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How Has GDPR Effected Data Privacy

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In May 2018, the General Data Protection Regulation of the European Union (GDPR) came into force to improve the protection of personal data. The new General Data Protection Regulation is a before and after in the rights of citizens with respect to the government of personal data and privacy of citizens.

GDPR have made possible customers to work more personally with data centers by asking more about where their information is stored. The EU wants to give companies a simpler and clearer legal environment to operate, making the compliance with data protection law identical across the single market.

Some personal data may include information of great value to citizens and reuse companies, but its open publication may threaten user privacy. According to GDPR, European citizens must give their “clear and explicit” consent for the processing of their data. Therefore, no personal data can be published for reuse without the consent of the affected party or parties.

Let’s read how GDPR effect data privacy

According to GDPR, personal data is any information that serves to identify a natural person. With GDPR a professional email, an IP address or the information captured by cookies on a website are personal data.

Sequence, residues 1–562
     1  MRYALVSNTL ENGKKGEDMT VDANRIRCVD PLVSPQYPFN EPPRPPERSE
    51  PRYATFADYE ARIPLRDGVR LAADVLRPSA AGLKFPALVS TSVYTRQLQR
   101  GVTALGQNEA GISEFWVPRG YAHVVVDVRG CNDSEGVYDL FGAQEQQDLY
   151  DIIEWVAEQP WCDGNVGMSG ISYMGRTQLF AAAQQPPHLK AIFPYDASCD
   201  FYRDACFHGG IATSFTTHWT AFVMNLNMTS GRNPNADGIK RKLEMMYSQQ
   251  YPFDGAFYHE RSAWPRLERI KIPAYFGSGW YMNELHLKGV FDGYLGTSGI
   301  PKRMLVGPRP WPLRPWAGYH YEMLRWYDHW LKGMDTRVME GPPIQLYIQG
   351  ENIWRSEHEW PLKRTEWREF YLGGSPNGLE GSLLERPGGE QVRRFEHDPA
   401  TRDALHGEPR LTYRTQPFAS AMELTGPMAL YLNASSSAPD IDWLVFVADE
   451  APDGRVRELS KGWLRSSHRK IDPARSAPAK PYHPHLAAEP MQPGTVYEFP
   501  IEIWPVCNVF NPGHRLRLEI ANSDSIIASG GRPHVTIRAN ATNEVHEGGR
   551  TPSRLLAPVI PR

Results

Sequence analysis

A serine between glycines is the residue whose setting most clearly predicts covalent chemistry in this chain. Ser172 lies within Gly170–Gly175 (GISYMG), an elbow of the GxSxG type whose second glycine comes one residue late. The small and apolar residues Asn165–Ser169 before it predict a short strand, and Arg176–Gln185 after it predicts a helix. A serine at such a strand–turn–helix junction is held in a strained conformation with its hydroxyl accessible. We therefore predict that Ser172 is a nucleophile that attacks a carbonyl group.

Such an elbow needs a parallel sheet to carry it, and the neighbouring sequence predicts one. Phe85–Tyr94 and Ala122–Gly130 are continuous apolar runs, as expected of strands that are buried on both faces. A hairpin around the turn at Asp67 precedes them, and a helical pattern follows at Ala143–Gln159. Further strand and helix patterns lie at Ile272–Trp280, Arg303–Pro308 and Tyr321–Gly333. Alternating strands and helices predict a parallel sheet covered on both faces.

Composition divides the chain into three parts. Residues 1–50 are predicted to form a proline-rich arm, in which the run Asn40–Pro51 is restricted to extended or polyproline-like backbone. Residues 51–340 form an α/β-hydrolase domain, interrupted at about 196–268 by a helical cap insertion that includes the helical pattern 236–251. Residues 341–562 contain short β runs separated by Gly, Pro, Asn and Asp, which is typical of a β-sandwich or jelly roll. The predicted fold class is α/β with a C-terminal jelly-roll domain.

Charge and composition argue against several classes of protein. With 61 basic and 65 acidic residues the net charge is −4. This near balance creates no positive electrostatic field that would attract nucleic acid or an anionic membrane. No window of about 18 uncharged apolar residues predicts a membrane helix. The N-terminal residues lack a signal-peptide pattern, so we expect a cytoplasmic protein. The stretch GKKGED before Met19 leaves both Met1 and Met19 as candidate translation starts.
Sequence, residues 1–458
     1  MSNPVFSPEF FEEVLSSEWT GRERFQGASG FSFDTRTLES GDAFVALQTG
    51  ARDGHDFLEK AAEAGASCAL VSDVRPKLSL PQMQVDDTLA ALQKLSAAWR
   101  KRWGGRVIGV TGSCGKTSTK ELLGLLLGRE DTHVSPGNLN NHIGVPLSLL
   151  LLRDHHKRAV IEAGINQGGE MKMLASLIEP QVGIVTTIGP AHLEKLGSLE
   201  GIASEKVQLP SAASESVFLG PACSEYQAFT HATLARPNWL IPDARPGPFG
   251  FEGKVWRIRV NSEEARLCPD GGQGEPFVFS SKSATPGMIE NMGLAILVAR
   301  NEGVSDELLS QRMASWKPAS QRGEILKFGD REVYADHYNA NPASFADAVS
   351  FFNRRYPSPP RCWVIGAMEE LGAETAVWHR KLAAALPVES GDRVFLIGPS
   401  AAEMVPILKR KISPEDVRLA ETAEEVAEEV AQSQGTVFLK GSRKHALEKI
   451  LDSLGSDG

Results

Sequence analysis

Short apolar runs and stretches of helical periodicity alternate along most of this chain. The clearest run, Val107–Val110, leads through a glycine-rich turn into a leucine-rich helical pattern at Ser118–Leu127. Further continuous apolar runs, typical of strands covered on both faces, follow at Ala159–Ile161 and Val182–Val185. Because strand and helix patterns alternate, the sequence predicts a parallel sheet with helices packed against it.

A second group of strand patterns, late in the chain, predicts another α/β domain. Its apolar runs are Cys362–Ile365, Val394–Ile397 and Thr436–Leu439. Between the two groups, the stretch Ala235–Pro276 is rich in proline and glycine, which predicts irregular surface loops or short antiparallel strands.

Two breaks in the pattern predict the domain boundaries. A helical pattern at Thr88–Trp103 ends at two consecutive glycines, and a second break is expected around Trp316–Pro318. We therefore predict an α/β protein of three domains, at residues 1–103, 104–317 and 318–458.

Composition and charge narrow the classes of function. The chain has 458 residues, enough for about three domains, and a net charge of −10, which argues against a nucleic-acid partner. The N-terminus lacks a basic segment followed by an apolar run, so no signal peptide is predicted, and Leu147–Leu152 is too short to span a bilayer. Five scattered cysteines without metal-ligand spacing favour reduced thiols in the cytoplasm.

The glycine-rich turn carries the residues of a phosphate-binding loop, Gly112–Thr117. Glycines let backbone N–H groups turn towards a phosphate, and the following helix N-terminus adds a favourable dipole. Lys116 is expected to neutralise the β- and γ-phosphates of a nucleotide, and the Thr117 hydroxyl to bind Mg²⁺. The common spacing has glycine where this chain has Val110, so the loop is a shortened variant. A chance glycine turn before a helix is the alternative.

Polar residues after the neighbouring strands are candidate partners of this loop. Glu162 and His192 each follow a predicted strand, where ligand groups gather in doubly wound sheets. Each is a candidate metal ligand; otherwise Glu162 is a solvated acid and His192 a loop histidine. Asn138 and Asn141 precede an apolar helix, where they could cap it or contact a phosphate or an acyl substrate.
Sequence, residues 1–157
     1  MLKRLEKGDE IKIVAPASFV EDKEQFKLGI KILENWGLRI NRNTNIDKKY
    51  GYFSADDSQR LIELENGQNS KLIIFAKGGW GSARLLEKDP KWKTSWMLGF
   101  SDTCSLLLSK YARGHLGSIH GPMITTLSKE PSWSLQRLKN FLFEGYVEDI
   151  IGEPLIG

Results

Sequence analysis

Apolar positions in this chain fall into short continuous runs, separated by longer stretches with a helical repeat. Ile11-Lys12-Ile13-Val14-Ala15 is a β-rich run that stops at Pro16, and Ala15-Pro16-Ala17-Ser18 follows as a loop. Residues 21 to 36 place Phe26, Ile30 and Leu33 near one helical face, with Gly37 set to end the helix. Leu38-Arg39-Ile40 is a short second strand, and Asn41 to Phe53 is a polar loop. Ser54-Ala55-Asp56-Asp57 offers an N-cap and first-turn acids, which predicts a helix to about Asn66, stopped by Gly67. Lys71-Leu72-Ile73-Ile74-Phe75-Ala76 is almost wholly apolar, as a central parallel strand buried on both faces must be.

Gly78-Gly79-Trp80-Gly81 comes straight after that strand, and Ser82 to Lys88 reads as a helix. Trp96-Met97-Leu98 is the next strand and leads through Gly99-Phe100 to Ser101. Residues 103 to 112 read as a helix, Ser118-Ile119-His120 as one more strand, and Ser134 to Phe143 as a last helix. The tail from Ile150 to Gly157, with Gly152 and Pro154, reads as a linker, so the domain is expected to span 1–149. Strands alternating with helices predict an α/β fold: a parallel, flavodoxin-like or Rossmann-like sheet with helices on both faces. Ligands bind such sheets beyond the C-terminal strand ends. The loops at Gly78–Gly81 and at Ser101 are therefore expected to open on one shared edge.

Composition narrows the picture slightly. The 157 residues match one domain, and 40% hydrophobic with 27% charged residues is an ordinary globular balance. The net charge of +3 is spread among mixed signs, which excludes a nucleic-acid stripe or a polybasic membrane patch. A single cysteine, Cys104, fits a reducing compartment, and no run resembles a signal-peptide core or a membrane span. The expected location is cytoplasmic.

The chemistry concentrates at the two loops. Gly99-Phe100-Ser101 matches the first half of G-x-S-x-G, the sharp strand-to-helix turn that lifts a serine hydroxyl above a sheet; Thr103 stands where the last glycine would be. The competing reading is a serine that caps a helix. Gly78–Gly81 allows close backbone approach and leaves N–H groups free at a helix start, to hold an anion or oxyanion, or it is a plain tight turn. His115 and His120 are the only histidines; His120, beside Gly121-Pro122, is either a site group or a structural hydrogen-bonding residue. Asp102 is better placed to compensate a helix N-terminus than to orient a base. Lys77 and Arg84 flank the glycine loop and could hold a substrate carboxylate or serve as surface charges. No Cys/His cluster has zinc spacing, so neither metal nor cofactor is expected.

The GDPR places greater emphasis on the documentation that data controllers must process to demonstrate their responsibility. Compliance with all applicable areas will require online companies to re-evaluate their organisational approach and how to manage data protection as a corporate problem.

Users will have the right to have companies delete their data from their internal records if so requested. The latter is one of the major concerns that companies must bear in mind.

As of the entry into force of the GDPR, when a client gives his consent to store and process his personal data, a complete record of how and when that consent was given should be kept, and that consent must be explicit, not inferred. Furthermore, as consumers can also withdraw consent at any time, the new regulations now involve immediate action.

When collecting personal data from minors based on consent, for example to use a social network or for a content download account, parental authorisation must first be obtained, for example by sending a notification to the parent or guardian. The age up to which a person is considered minor varies according to the country of residence, but is between 13 and 16 years of age.

In the current context, privacy is an unavoidable concern when it comes to open data. To make sure regulatory compliance, it is important to regulate and monitor data flows.

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